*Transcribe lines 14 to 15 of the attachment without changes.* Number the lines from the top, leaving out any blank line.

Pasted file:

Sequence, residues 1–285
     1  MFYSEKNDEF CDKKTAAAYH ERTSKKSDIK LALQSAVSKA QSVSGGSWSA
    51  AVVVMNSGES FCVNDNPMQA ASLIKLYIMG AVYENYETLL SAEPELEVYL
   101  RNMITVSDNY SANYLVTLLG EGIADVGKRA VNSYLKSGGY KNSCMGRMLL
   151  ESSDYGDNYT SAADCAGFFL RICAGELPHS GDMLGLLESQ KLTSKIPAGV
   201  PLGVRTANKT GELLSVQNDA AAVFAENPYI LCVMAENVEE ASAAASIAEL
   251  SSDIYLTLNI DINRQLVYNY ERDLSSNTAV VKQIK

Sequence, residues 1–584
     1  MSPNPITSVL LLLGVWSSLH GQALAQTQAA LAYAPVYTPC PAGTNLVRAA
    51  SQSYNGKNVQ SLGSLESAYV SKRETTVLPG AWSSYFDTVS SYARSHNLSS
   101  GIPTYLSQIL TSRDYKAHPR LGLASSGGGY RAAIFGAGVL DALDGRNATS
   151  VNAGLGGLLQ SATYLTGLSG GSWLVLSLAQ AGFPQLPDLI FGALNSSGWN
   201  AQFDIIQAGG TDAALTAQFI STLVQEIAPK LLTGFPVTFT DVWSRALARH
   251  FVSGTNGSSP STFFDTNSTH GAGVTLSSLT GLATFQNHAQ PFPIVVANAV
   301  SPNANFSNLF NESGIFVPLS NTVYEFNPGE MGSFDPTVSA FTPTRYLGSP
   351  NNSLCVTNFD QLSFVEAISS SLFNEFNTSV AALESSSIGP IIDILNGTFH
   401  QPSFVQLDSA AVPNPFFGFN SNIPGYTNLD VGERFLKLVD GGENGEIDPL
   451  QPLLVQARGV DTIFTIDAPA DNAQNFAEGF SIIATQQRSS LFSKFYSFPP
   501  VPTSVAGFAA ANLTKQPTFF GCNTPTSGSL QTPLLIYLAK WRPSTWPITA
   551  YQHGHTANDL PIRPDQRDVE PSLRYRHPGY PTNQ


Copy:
   251  FVSGTNGSSP STFFDTNSTH GAGVTLSSLT GLATFQNHAQ PFPIVVANAV
   301  SPNANFSNLF NESGIFVPLS NTVYEFNPGE MGSFDPTVSA FTPTRYLGSP